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Best of Both Worlds: Digital Hybrid and Variable Data Printing

(April/May 2019) posted on Fri May 24, 2019

Combining digital and analog garment printing techniques opens up a plethora of possibilities.


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By Michelle Moxley

Hybrid printing is up to four times faster than traditional DTG. Using a screen-printed white underbase is faster and less than a quarter the cost of digital white. Hybrid is also versatile enough to handle any fabric that can be printed via traditional screen printing. Using migration blockers in the screen-printed underbase ink inhibits dye migration on polyester, allowing for a digital print on the surface. These are all direct advantages over standard DTG. Compared to conventional screen printing, setups involve fewer and simpler tweaks to match customer specifications. This is because there are fewer screens to manage and the digital file can be updated with any changes instantly, creating less friction and allowing the printer to instantly resume printing. 

One factor that makes digital hybrid printing so unique is its versatility with variable data orders. Variable data is a form of digital printing, including on-demand printing, in which elements such as text, graphics, and images may be changed from one printed piece to the next without stopping or slowing down production. New business models across the market actively use social media, analytics, and cloud-based management systems to collect in-depth data. Harnessing this information through a variable data strategy allows you to create customizations, get product to market faster, localize the supply chain, and lower the need for excess embellished inventory.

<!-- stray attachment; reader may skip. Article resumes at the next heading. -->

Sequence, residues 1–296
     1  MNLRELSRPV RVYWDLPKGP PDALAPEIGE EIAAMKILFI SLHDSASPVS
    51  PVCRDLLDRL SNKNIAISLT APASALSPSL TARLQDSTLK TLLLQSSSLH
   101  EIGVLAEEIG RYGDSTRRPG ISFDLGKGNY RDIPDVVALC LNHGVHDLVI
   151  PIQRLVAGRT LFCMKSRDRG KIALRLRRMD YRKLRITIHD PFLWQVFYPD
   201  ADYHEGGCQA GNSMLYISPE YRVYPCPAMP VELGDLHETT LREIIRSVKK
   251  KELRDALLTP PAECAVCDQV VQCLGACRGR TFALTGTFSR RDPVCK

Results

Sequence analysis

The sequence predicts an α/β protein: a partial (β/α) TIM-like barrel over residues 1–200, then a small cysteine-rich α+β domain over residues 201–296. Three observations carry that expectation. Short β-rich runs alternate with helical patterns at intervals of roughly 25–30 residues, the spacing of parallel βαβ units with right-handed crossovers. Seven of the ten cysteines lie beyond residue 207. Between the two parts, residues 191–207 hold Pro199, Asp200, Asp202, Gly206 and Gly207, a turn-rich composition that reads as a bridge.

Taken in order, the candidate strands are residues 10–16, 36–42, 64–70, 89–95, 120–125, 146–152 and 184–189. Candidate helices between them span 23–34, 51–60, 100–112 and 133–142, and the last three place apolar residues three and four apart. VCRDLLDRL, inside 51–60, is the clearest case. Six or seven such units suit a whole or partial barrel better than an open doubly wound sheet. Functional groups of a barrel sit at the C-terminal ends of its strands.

Four Business Models that Leverage Hybrid Printing

T-shirt subscription services are a perfect example of a variable data business model that can benefit from hybrid technology. A user signs up and receives an embellished garment every month. For example, a Chicago-themed service might deliver a different shirt each month decorated with a graphic or logo about the city. In a traditional model, most subscribers being of a similar demographic (i.e., from Chicago) would receive the same shirt. Add variable data into the mix and each patron could receive something unique. One subscriber may receive a shirt highlighting their favorite Chicago sports team, while another receives a garment focusing on the Great Lakes and fishing. Variable data draws from deep analytics on each individual member to allow for highly relevant customizations to be created.


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